Story first published in GLIMMER: An Anthology of Hope.
“Friends can be deeper than lovers, friendship deeper than love.” I read that in a book somewhere.
Yeah right. I don’t think so. I’ve never cried because some friend wouldn’t speak to me, or because someone I used to hang with won’t answer my calls. I’ve never felt my stomach muscles clench and my heart race like a trapped animal because I had a great conversation with my girlfriend in the checkout line.
I’ve never woken up in the middle of night and wondered what would have happened if I had stayed in touch with my highs school friends, or if perhaps I’m running in the right circles and need to move on.
No, it’s when your lover won’t answer your calls, or when you see someone that you know you want. It’s when you ask yourself where your first love is now and how something so brilliant could end so badly. Or it’s when you wake up at night looking at the man next you and think what the hell am I doing with you. That’s what’s deep.
We tell lovers things we tell no one else. We show them things that no one else gets to see. Do things for them we would not do for anyone else. Things they make us do, never mind if we want to or not.
How did I get here? It’s a question I ask myself. All alone with nothing except my suitcase. I’m walking through the city, I don’t know where I’m going or what I’m doing. I only know I’m not going back. I can’t. I couldn’t go back even if I wanted to.
Sure the concierge would let me in. He might even smile and doff his cap. Right now I must look like a tourist. A pretty girl dressed up and dragging a case, what else would I be. No one would think I was a runaway, an escapee, a fugitive.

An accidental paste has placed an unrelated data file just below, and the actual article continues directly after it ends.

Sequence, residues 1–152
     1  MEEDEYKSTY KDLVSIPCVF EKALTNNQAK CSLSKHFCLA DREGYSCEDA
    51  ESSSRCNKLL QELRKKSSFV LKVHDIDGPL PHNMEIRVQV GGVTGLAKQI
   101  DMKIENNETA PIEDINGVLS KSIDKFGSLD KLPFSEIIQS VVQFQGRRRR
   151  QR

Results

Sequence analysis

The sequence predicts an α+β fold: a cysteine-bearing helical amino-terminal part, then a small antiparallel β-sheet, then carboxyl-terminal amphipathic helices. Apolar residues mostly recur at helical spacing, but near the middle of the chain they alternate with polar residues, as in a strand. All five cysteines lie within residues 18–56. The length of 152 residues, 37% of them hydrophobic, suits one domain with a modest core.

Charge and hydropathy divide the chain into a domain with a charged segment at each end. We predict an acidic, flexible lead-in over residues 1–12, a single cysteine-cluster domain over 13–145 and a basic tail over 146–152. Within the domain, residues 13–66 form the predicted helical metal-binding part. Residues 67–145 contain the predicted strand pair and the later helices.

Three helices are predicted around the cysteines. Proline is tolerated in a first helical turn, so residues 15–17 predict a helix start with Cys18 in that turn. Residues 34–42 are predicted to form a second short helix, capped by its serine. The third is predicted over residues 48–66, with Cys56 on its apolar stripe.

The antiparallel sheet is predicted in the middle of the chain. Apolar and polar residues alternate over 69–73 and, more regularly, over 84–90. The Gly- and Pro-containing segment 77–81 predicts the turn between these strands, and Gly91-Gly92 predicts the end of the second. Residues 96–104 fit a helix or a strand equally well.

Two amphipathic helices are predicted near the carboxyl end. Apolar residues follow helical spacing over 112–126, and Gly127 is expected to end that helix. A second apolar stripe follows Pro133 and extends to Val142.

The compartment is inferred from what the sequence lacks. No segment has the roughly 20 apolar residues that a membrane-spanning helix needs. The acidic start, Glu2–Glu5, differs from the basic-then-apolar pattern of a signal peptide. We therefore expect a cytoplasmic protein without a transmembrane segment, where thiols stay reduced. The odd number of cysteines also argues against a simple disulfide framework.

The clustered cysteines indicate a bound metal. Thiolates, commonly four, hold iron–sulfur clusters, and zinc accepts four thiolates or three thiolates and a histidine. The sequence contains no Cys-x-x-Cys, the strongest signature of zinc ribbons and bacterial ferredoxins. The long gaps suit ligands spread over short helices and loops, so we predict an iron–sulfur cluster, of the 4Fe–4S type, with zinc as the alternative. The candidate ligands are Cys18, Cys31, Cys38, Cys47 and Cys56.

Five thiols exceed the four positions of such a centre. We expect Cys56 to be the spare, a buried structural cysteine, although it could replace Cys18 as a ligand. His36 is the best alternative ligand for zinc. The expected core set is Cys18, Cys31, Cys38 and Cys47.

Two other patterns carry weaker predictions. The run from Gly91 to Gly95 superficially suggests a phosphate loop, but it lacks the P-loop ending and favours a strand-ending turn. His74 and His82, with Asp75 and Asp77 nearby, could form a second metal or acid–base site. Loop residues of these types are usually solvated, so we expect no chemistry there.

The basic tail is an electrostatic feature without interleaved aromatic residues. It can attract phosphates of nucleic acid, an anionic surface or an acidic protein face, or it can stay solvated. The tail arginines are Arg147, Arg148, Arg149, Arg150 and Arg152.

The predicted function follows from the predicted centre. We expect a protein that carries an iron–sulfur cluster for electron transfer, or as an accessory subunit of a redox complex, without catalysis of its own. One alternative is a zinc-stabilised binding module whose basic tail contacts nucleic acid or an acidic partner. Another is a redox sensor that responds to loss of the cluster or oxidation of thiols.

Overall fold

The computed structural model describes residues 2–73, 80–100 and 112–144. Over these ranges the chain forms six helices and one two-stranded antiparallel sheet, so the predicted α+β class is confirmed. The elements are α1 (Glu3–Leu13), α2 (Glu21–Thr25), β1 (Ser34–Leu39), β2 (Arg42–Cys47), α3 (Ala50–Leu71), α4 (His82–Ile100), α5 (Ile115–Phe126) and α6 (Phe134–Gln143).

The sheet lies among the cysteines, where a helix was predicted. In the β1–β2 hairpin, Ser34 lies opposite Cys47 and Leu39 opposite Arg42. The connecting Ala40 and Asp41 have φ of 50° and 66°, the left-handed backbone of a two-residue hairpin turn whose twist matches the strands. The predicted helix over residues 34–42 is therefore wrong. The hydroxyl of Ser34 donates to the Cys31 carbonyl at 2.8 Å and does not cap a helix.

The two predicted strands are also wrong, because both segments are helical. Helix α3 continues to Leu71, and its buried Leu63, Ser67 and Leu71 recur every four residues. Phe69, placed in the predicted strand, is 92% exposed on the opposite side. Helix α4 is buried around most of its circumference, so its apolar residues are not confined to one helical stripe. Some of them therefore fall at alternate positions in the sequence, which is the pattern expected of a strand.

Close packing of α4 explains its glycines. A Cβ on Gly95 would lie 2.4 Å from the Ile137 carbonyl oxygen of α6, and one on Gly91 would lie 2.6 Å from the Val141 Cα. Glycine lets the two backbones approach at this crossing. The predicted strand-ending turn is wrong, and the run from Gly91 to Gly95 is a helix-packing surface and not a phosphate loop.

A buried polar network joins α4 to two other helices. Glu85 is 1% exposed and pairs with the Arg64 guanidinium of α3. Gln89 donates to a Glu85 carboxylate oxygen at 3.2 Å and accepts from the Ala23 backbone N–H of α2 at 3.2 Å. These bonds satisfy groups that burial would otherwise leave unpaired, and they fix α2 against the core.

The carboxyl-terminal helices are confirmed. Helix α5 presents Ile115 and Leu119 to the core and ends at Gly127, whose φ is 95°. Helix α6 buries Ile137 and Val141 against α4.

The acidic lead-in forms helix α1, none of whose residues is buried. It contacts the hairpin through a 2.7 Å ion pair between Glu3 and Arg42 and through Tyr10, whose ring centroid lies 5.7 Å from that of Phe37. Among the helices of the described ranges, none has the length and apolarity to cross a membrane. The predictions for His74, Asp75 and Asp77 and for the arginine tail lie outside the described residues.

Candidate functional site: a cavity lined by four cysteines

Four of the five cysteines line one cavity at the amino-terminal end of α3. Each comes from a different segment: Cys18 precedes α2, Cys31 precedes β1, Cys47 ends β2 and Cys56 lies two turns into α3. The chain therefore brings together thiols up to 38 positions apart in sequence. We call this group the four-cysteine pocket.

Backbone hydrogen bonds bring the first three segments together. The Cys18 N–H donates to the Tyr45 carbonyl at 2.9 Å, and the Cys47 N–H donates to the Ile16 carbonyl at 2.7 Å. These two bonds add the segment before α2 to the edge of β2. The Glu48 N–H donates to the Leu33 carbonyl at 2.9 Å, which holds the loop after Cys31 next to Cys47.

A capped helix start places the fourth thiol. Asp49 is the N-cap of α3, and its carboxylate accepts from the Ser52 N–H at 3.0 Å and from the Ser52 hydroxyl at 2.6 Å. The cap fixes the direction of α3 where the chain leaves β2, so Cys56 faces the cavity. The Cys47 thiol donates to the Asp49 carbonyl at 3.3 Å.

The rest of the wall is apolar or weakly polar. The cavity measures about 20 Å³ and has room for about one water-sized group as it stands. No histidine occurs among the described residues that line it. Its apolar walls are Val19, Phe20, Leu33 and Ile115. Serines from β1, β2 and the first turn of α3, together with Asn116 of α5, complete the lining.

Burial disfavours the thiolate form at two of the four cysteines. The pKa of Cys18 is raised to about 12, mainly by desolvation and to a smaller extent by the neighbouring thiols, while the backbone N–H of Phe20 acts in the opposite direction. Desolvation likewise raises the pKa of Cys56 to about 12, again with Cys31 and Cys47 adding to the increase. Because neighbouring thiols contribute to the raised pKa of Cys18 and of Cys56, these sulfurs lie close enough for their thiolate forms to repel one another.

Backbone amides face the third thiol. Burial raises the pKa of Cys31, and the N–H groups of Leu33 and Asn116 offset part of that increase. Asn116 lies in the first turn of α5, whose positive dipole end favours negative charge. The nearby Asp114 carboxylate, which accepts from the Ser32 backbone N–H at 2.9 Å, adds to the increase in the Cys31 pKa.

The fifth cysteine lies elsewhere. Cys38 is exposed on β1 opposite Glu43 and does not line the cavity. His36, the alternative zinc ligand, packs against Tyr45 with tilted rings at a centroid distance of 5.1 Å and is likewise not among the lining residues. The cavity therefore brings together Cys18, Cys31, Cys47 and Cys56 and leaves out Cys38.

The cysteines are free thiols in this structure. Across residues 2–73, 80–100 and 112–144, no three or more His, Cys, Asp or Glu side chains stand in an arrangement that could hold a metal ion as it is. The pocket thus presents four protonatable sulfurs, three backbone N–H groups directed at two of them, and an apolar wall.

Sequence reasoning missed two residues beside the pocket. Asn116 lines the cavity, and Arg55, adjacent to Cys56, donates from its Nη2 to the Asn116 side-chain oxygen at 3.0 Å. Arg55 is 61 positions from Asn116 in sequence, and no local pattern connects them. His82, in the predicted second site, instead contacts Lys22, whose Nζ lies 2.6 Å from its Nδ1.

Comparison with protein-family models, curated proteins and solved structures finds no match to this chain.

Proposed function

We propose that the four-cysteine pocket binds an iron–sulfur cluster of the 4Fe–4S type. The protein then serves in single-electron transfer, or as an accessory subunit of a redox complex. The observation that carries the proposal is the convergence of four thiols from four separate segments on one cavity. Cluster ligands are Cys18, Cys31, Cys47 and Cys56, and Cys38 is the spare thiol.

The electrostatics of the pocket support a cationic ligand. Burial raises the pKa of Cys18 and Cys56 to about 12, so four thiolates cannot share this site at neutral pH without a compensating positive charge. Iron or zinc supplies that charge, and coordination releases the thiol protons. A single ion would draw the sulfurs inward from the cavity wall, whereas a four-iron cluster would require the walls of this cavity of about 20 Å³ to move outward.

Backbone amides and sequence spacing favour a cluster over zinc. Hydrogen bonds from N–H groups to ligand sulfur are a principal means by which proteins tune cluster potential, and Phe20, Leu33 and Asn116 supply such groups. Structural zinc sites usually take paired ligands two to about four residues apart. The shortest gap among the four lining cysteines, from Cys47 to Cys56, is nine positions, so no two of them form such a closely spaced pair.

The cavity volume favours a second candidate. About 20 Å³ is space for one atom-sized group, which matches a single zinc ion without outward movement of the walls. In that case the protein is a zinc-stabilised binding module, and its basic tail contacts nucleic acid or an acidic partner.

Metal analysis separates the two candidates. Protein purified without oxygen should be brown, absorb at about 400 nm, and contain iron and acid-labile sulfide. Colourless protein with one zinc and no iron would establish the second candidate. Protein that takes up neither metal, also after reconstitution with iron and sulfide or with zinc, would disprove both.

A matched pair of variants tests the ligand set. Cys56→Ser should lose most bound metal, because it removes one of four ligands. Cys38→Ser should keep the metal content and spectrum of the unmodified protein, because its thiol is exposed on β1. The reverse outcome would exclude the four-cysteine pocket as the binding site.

I don’t go fast. He’s not going to come after me. I don’t have to worry about that. That’s all over. He will never treat me that way again, not ever.
The suitcase wheels click as I walk along the sidewalk. Where am I going? I don’t know, I don’t have a plan. I look around me and I’m not even sure where I am. How long have I been walking? It doesn’t seem that long. Where’s the street sign? There’s a junction up ahead. I walk and can’t help feeling that I’m being watched. 142nd street, I’m a long way from midtown. How long have I been walking; no wonder my feet are sore. I think about calling a cab, but were too? It’s a question I can’t answer. Besides, now I don’t have so much money. I took all the cash that was in the apartment, but I left the cards. They were in his name anyway. If I used them, I could be traced. I learned that from watching “The Hunt is on.” Who said TV never gave you an education.
There is some kind of play area up ahead. Just shows you how far I’ve gone. Kids, who thought there were really kids in Manhattan. Anyway, there’s a seat I can sit on so I’m grateful for that. Take a load off. My feet are killing me. I should have worn sneakers instead of these shoes. But these are my favourite pair. I couldn’t leave them behind.
I draw out a cigarette and light it.
“Hey, what you doing, you can’t smoke here.”
Some do-gooder comes over, a man.
“This is a playground, our kids lungs live here and they don’t want your smoke.”